(Fig. 5), and both conventional PI and / results have very limited value
distributions. On the other hand, the new results by the proposed method are
more correlative to seismic reflections and are definitely more beneficial for
5. APPLICATION IN RESERVOIR PREDICTION
Specifically, as shown in Fig. 10b, the cross-plot of / and PI, that is
usually regarded as the best reservoir indicator, is employed for reef and sand
reservoir discrimination by separately tracking appropriate data following
the yellow and green polygons. The two polygons are similar to that of the
nearest drilling place. Thus, the predicted reef (yellow) and sand reservoir
(green) can be described, respectively, and elaborately plotted in Fig. 10a.
The time thickness maps of predicted reef (Fig. 11b) and sand reservoirs
(Fig. 11d) could also be further mapped by summing these qualified samples
in a 3D area within two sets of formations, respectively. The two sets of
reservoirs have been better delineated by the comparison with their
corresponding formation thickness maps (Fig. 11a and c), and they are useful for further
exploration of the reservoirs.
Platform marginal reef reservoir
Turbidity sand reservoir
Fig. 10. The cross-plot of inverted PI and / attributes (b), and the predicted
reservoir distributions in the same line as in Fig. 2 (a).
Fig. 11. The time thickness maps of Meishan (T40-T50) (a), and Lingshui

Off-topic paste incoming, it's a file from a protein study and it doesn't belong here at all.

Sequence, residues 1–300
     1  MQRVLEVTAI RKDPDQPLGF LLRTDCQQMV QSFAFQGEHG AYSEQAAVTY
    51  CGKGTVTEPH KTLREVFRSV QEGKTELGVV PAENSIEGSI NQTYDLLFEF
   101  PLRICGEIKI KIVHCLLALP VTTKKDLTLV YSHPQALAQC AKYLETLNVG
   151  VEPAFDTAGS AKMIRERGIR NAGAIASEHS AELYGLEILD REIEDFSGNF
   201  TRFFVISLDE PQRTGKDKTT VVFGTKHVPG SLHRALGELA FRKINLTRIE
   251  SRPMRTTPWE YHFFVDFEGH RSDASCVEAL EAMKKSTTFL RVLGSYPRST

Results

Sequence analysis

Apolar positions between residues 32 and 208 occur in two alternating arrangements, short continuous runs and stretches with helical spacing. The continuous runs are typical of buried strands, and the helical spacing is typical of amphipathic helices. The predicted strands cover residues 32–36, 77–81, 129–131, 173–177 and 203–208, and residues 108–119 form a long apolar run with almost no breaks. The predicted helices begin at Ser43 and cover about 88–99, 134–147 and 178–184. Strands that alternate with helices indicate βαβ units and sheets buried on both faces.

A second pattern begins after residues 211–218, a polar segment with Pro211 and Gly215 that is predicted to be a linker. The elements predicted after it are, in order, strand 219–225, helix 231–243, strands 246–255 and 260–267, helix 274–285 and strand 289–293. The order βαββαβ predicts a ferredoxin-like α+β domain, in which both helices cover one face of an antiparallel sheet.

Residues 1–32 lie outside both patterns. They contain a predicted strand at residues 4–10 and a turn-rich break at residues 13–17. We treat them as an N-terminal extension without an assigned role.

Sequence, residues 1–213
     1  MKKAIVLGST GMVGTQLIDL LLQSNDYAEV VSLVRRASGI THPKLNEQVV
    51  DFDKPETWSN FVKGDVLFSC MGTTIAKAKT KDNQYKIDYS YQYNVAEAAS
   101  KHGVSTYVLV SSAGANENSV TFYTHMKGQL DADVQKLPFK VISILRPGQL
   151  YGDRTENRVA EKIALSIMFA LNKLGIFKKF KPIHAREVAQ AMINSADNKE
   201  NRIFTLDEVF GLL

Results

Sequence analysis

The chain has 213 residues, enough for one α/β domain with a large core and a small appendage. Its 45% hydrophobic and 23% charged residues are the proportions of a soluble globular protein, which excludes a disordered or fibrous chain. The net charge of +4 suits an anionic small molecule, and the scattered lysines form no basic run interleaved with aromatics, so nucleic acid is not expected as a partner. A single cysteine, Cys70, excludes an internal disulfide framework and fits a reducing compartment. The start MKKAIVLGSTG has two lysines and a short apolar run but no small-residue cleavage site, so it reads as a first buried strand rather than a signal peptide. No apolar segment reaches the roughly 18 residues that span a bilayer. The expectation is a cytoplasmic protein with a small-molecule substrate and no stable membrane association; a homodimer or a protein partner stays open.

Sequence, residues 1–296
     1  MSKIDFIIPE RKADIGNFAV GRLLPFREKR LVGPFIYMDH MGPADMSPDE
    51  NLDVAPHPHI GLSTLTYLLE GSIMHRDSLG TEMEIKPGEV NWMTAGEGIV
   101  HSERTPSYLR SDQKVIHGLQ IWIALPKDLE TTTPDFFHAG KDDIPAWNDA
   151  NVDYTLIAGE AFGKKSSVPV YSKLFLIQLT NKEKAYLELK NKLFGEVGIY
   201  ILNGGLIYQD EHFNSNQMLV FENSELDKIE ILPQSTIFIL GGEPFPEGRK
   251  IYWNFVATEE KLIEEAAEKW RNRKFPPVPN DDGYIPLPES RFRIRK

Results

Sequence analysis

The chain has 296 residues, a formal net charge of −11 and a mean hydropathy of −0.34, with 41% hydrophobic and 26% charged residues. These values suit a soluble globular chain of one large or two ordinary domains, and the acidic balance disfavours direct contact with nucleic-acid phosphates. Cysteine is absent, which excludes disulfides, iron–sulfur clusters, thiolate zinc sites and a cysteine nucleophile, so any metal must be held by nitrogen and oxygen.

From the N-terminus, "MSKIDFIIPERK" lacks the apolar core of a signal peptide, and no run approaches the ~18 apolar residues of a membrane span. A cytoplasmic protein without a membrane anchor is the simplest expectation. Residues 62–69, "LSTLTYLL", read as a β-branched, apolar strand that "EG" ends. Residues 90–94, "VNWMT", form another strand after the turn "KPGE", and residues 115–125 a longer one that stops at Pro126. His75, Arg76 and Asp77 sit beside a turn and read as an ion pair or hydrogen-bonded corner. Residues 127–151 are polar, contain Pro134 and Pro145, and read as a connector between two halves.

(T60T70) fm (c), the predicted reef (b), and turbidity sand (d) reservoir distributions in
the two formations, respectively.
It is a common method to construct pseudo well-logs for AVO inversion in
unexploited fields that are short of wells, especially in marine cases. But
most of conventional methods by directly defining P-velocities from seismic
processing and computing the S-velocity and density using empirical
equations are not qualified to scale the extracted source wavelets and build
constrained models. They tend to produce very low resolution AVO inversion
results. On the contrary, the method we proposed, that reconstructs pseudo
well-logs in accordance with reflection amplitudes of computed pure P-wave
data from CRP gathers (AVO) and drilling information from a close area, is
proven to be more beneficial for AVO inversion and more suitable for
defining the reservoir prediction parameters. However, it should be noted, in
particular, that the CRP data used in this method should have high quality.
A c k n o w l e d g m e n t s . The authors thank National Basic Research
Program of China (Grant No. 2011CB201103), the National Science and
Technology Major Project (Grant No. 2011ZX05004003), the Science
Foundation of China University of Petroleum-Beijing (KYJJ2012-05-03), and
Chinese Scholarship Council for financial support.